Trump puts Special Counsel Smith on spot with multiple motions to dismiss classified documents criminal charges

 February 25, 2024

Thursday, Feb. 22, marked the general deadline for filing most pre-trial motions in former President Donald Trump's classified documents case in South Florida which Special Counsel Jack Smith is criminally prosecuting.

Trump's defense attorney filed for separate but related motions to dismiss some or all of the charges, and presiding District Judge Aileen Cannon ordered Smith to respond to those motions within two weeks, or no later than March 7, according to the court's docket.

Trump seeks to dismiss the classified documents charges against him

The classified documents case is tentatively scheduled to go to trial near the end of May. Yet, given the complexity and time-consuming procedures for handling classified materials in a courtroom setting -- to say nothing of how the judge might rule on the dismissal motions -- it seems more likely than not that the trial will be delayed until some unspecified future date ... if it ever takes place at all.

Breitbart reported that former President Trump's four dismissal motions were based on his claims of presidential immunity, that one of the key statutes pressed against him was "unconstitutionally vague," that Special Counsel Smith's initial appointment and continued funding are unlawful, and that he had the full and sole authority under the Presidential Records Act to retain any documents from his administration that he saw fit.

Some of those claims have been raised by Trump and others on his behalf in his other federal election-related criminal prosecution by Smith, such as the immunity claim and the unlawful appointment claim, though they were rejected by the D.C. courts and are now awaiting adjudication at the Supreme Court.

Presidential immunity from prosecution

In fact, in the 22-page motion to dismiss for presidential immunity, Trump's attorney wrote, "The D.C. Circuit recently erred in finding that President Trump was not entitled to presidential immunity in connection with the set of criminal charges pending in the District of Columbia."

"The D.C. Circuit’s analysis is not persuasive for many of the reasons discussed below, and President Trump is pursuing further review of that erroneous decision, including en banc review if allowed, and review in the U.S. Supreme Court if necessary," he added. "This Court should not follow the D.C. Circuit’s non-binding, poorly reasoned decision."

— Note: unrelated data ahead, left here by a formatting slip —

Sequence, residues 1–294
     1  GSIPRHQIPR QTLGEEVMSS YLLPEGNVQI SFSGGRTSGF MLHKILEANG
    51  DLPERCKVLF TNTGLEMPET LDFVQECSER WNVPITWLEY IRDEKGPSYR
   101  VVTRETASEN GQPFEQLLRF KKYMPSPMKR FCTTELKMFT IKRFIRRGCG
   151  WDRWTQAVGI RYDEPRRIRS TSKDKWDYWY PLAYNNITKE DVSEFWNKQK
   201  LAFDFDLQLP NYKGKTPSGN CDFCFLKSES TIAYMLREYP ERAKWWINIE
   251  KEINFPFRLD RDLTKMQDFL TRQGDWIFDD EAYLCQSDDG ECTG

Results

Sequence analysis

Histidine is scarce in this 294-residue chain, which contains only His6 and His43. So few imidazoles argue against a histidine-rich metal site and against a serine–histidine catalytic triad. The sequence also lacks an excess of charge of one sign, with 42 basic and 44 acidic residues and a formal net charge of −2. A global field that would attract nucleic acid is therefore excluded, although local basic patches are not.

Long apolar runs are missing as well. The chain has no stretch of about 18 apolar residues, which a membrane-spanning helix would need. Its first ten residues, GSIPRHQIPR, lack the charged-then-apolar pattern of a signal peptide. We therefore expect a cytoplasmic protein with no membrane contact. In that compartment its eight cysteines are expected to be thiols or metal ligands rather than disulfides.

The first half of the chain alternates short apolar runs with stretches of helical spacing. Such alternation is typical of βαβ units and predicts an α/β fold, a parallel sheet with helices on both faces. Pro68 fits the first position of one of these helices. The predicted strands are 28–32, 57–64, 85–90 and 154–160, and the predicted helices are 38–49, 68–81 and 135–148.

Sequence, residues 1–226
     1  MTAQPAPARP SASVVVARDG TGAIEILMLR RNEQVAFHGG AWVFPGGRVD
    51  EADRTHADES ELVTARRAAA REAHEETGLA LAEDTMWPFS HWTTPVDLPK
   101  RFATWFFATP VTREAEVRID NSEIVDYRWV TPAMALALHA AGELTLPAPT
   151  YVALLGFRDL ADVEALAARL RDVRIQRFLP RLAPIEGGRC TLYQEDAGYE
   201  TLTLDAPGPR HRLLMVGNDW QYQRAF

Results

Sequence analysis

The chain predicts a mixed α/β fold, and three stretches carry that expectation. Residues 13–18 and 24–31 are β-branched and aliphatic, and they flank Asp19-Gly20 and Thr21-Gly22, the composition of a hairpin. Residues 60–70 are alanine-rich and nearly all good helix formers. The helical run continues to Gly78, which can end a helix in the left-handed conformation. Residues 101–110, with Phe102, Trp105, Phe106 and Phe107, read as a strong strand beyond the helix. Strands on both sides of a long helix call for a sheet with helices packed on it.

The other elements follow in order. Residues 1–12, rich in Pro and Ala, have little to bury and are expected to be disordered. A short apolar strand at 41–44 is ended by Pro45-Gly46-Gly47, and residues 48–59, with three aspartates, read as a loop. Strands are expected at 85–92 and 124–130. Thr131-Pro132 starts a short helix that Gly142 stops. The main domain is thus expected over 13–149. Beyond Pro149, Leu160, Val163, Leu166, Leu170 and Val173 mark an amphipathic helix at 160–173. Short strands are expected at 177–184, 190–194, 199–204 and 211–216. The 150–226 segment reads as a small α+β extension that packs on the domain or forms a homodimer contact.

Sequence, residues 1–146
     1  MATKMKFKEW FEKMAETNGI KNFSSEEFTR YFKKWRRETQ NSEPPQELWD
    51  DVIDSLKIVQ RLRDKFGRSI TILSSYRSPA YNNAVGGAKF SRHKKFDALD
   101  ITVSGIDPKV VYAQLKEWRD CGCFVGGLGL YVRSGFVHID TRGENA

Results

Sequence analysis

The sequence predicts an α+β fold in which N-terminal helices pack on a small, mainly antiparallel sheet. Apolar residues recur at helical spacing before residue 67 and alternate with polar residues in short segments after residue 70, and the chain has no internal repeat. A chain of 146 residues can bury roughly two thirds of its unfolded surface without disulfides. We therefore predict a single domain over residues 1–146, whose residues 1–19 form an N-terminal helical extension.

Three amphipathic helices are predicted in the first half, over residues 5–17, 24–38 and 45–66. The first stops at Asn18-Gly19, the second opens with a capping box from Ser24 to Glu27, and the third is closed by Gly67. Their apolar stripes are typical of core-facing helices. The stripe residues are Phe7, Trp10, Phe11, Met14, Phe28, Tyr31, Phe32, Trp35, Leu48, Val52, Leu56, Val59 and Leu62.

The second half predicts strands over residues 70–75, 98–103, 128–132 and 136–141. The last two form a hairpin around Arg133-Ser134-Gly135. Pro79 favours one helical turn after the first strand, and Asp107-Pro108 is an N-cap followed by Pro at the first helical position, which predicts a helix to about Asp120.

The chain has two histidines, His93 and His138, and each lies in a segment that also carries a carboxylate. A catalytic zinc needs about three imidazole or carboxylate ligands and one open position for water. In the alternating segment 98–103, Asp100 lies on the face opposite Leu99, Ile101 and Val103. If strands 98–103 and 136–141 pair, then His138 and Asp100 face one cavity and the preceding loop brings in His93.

As for his main immunity argument, the motion stated, "Specifically, President Trump is immune from prosecution on Counts 1 through 32 because the charges turn on his alleged decision to designate records as personal under the Presidential Records Act (“PRA”) and to cause the records to be moved from the White House to Mar-a-Lago. As alleged in the Superseding Indictment, President Trump made this decision while he was still in office. The alleged decision was an official act, and as such is subject to presidential immunity."

"The Court should hold a hearing to resolve any factual disputes relating to the official nature of President Trump’s PRA designation and the removal of his personal records from the White House," Trump's attorney added. "Following any necessary hearing, the Court should dismiss Counts 1 through 32."

Criminal charge is too vague, Smith's appointment was unlawful, and Trump is covered by PRA

Moving on, former President Trump's attorney filed a 20-page motion to dismiss based on the "unconstitutional vagueness" of a particular criminal statute that underlines a majority of the charges, namely 18 U.S.C. § 793(e), which deals with the "unauthorized possession" of defense-related information paired with the subject "willfully" disclosing that information to others or retaining and refusing to turn it over to an authority "entitled to receive it."

The motion detailed several cases over the decades that called into question the meaning of various phrases within that statute and argued that, regardless of what those meanings might ultimately be, it still didn't apply to Trump in his role as the president.

Then there was the 16-page motion to dismiss based on the claim that Special Counsel Smith's initial appointment and the continued funding of his office are unlawful and violate both the Appointments Clause and Appropriations Clause of the U.S. Constitution -- an argument first raised by former Attorney General Ed Meese and constitutional law professors Steven Calabresi and Gary Lawson.

The gist of that argument is that Congress never authorized a "special counsel" position and that anyone Attorney General Merrick Garland appointed to that unauthorized role must first be confirmed by the Senate for some other authorized office, such as a U.S. attorney. It further argues that the special counsel's office draws a sort of blank-check "off the books" funding from a holdover account related to the now-defunct "independent counsel" position, and not through the normal congressional appropriations process.

Finally, Trump's attorney filed a 17-page motion to dismiss the entire indictment based on the claim that Trump, by way of the President Records Act, had the sole and "unreviewable" authority to determine what records were "presidential," and thus must be turned over to the National Archives, and what were "personal" and could be retained in his possession.

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